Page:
Rebecca Smith - Garden design & consultancy

Home This Weekend

A clear weekend with nothing in the diary is as rare for us as hens teeth. One child home revising, one child at school revising so no need to taxi anyone anywhere. Bliss. So the weekend was spent outside doing as much as possible in the garden.

The garden here at Wyck Farmhouse is evolving very slowly. We are at the tail end of a major refit to the house and I have been patient for two years. Two years is a long time to wait to have a garden so I have been adding small bits and pieces whilst we get to grips with what was a very overgrown garden around the house.

When we moved in to the house, this wall was covered with ivy which was a metre taller than the actual wall. In addition, this gateway was totally obscured with a beautiful honeysuckle and climbing rose which had grown up through the downpipe brackets and behind the buttresses to the wall. Admittedly it was beautiful, smelled amazing and was covered with bees all summer but it needed tackling.

Gate to lane

Finally, with the help of a long ladder, Mr Smith and I have managed to clear the overgrown honeysuckle and rose and I will replant with something less overwhelming. 

Not everything this weekend was about hanging about on the top of ladders attempting to remove small climbers from between brackets and walls. All the plants which I brought back from Stansted Park Garden Show last weekend were still stacked on the drive waiting to be planted. Saturday was the day. 

We are creating a rose garden on the West side of the house where previously there was nothing but a sloping lawn surrounded on one side by lovely wall, another side by house and then a thuja hedge. The space is irregular and I will, with some cunningly placed borders and a stone mowing strip, attempt to visually square it off a bit more and create a garden room. 

Rose Border

The timber posts have climbing roses planted at their feet. The idea is that the rose will climb up and create a rose column, an idea I saw recently on a day with Chris Marchant of Orchard Dene Nursery. The planting here is soft and very traditional; lupins, roses, peonies, astrantia, geraniums, poppies, hollyhocks, Japanese anemones... This side of the house gets bathed in the most glorious evening light and will make the perfect location for summer drinks!

Here is a close-up of what is blooming in my garden this weekend:

Pink lupin and garnium

Pink pink and more pink!!!

opening poppy

The poppies have been amazing this year and their beauty is as striking as they open as when they are fully in flower!

poppy close-up

Poppy and Nepeta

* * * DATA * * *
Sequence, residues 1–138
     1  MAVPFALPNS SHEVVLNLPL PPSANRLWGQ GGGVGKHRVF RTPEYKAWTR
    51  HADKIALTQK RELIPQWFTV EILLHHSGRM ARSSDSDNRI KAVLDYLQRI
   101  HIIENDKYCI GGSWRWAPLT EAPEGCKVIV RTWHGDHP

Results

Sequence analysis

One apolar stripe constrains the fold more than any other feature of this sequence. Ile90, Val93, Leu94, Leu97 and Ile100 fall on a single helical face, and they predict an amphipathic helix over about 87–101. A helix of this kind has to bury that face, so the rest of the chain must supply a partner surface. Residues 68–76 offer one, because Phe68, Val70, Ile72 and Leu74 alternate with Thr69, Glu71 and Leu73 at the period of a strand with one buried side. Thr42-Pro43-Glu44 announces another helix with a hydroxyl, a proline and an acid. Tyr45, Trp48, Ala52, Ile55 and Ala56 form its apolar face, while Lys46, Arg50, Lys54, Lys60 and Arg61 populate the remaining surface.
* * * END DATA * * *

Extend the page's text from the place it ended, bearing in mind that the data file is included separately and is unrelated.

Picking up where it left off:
They are planted with Nepeta 'Walkers Low'. As the poppies die down after flowering, the nepeta will cover the bare ground until next year. I have also added some cosmos plants, bought as plugs, to help fill the gaps when the poppies die down.


These were just a last-minute thought at the local garden centre but are great as a cut-flower in arrangements and will reward you with flowers for much of the summer if dead-deaded regularly.

yellow rose

Orlaya grandiflora

This is Orlaya grandiflora, an annual which is top of the list of plants YOU NEED in your garden. I use it in cut flower arrangements and will save the seed for flowers next year. 

The perfect garden, in my mind, gives beauty not only outside, but plenty of flowers to bring inside too. These roses and nigella were cut Sunday morning and were on the table for Father's Day lunch. The vase was found at one of the antique markets in Farnham for a bargain price and I love it!

Rose arrangement

After lunch today, in the lull in which Mr Smith probably wanted to take a nap, I convinced him to join me to see the garden at Binsted Place, which was open in aid of the Binsted Village Hall.

I drive through Binsted nearly every day and always wondered what lay behind the brick wall and this was my chance to find out. The garden is lovely; a really traditional stuffed-full-of-roses garden, with hedges separating the different garden rooms. There is a fruit cage bursting with currants and raspberries, a poly-tunnel full of tomatoes and vegetable beds; and everywhere was bursting with colour and fragrance. 

Arbour with roses

The main garden has double borders of delphiniums backed by cotinus coggygria, lupins, geraniums and other traditional flowers. They are packed in a display that would make any gardener proud. 


Blue Lupins


The poly-tunnel is the home to tomatoes, courgettes, strawberries in hanging baskets and herbs. 


Separating the polytunnel from view is this rose-covered series of arches:


A Shropshire Lad

If ever there was a reason to plant the rose 'A Shropshire Lad', this is it!

more roses

Buff Beauty

Buff Beauty is pictured above.


There are lovely old paths and gates leading to vistas of distant Hampshire hills. 

And there are, of course, chickens...


More chickens

All in all, a good afternoon out and about. I leave you with more of the roses from Binsted Place.









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